comic immortality, again

 

 

 

 

 

 

 

Last week’s episode of Community presented a lowbrow garden of forking paths.  Jeff rolls a die to see which one of the group will have to go get the pizza and in so doing causes six counterfactual timelines to come into being.  The worst of these is the one in which Troy fetches the food: as we find out in the episode’s resolution, in that timeline Pierce is accidentally killed, the apartment is set on fire, Jeff loses an arm, Annie goes insane, Troy himself irreparably damages his throat and vocal cords, and probably bad things happen to Britta and Shirley too (I don’t remember what).  The Abed of this parallel universe realizes that none of the other timelines could possibly be worse, so theirs must therefore represent the evil parallel universe. Naturally, he then suggests to the survivors that they all wear fake goatees (after the classic Star Trek episode).  One-armed Jeff is none too pleased and yells at Abed “I’ve lost an arm!” before getting up and leaving.  Anyway, while my recounting isn’t funny, the scene made me laugh pretty hard.  I found it truly funny to see an exasperated and fuming one-armed Jeff. And this prompted me to think again about the previously mentioned indestructibility of the comic character.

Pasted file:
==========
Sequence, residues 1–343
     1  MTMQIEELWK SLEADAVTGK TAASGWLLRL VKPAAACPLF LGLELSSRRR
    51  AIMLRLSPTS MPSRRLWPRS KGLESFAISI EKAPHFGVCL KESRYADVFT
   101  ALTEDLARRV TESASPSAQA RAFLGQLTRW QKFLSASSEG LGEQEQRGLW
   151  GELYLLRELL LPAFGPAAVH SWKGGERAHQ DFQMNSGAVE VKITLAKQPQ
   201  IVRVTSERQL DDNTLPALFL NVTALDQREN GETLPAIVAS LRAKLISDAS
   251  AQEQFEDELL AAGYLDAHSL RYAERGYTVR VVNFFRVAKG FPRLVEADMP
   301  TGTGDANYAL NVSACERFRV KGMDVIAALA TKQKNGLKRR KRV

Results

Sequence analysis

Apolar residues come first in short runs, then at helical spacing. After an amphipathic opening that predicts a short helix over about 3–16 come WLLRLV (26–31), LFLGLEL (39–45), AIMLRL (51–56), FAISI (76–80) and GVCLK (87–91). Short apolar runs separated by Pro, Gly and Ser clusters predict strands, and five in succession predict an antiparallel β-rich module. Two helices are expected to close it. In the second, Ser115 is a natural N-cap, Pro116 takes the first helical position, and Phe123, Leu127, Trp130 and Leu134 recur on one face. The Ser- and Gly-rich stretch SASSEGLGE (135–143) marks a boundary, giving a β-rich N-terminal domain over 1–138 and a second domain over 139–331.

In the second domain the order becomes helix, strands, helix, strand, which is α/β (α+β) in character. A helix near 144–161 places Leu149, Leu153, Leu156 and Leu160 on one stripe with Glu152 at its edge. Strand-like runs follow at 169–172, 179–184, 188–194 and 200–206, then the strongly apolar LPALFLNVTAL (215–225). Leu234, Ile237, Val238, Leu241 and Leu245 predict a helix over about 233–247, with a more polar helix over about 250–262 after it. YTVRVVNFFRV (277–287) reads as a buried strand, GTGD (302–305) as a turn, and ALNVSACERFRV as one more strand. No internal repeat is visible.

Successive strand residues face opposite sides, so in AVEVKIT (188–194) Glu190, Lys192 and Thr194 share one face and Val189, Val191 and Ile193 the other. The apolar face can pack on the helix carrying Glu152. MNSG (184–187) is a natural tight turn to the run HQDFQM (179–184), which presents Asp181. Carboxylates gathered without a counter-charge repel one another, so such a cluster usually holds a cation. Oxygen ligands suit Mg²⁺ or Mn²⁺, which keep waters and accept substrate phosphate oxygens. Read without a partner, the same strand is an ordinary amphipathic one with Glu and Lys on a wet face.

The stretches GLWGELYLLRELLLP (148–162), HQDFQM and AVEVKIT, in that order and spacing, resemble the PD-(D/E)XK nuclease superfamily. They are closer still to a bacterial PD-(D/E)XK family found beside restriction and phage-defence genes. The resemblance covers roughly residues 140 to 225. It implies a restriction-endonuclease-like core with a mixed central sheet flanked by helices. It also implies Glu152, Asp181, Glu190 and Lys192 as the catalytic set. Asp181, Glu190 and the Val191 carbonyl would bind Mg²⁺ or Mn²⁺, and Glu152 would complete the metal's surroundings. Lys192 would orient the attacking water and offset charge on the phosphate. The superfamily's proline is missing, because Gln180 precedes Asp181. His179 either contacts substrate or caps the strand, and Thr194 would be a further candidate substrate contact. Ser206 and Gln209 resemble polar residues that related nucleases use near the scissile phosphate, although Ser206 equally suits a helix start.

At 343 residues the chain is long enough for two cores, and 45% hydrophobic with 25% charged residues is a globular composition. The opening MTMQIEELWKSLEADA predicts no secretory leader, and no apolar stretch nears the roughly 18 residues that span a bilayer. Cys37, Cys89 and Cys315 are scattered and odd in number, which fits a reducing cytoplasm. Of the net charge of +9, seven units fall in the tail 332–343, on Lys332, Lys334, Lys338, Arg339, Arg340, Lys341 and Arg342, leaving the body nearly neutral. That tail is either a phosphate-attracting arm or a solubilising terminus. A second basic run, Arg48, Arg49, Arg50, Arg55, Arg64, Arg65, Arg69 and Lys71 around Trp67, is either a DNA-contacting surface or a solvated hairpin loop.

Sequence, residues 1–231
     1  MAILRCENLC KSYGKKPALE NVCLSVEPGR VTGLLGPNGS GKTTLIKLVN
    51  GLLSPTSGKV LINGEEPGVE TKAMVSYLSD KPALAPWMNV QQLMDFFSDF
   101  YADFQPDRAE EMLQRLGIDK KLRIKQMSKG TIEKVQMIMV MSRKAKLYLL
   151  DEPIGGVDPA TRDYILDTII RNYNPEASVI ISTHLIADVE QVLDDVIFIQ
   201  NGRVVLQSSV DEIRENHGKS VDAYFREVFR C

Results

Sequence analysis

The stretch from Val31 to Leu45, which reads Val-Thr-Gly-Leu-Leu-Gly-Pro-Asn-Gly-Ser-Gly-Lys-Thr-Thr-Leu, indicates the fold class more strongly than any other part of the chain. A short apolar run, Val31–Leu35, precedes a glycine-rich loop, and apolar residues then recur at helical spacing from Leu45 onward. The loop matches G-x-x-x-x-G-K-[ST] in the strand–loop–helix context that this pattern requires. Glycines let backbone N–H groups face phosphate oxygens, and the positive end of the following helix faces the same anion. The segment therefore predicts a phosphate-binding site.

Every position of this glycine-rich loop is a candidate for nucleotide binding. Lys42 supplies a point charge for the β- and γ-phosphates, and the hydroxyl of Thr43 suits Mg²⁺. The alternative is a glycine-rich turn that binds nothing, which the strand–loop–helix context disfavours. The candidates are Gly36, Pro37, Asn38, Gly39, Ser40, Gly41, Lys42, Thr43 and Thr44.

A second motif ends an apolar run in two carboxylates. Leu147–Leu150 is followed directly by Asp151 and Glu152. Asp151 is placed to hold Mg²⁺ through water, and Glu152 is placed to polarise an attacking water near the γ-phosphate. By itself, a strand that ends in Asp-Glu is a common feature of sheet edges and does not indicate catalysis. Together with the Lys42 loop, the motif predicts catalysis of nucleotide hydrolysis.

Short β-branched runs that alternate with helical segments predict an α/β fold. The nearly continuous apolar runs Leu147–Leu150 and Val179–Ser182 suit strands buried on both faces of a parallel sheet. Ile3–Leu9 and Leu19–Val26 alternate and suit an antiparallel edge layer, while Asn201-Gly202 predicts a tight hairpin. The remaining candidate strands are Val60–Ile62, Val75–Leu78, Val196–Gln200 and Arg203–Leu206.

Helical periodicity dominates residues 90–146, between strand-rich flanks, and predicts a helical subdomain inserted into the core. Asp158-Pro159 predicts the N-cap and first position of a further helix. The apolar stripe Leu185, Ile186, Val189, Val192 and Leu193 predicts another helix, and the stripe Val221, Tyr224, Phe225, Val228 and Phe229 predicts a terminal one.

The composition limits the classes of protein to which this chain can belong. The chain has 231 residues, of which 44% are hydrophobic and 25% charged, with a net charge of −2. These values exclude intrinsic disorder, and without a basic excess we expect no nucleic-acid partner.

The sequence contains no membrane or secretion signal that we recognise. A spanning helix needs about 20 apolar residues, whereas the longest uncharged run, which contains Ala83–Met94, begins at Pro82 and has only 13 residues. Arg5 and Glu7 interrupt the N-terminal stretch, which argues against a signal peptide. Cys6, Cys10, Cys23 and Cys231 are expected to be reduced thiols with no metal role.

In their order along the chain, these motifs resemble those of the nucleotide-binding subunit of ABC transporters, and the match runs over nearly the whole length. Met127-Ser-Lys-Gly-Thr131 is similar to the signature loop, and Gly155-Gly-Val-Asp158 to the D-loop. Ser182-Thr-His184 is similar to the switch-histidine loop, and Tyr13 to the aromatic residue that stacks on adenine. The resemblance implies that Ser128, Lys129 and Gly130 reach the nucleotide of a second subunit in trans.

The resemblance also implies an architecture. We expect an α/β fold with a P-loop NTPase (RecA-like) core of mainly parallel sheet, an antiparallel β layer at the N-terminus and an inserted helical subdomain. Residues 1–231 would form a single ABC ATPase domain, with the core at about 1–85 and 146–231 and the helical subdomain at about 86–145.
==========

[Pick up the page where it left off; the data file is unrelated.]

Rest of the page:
I don’t know if I mentioned this before.  I guess I’m too lazy to look back at my previous posts.  If I did mention it, I guess I then feel it’s a point worth reiterating: that in comedy indestructibility or immortality does not mean the total release from or the total transcendence of suffering.  Quite the contrary.  The comic character may be indestructible or immortal but she still suffers and suffers enormously.  Yet we can laugh at her torment because she can take it, because her frame is such that nothing can cause her any real diminishment.  Even after losing an arm, Jeff is somehow exactly the same as he always was.  To paraphrase Elaine from Seinfeld, Jeff’s not different; he’s the same, just changed. And because he is exactly the same, his complaints about his lost limb ring false, as if he’s just kidding around, just pretending to be upset. What’s this all about?

I think originally I thought that I could use Herbert Marcuse’s reinterpretation of Freud to try to figure out what this all means.  That’s probably a good idea. Eventually I’ll give it a go, but not necessarily immediately.

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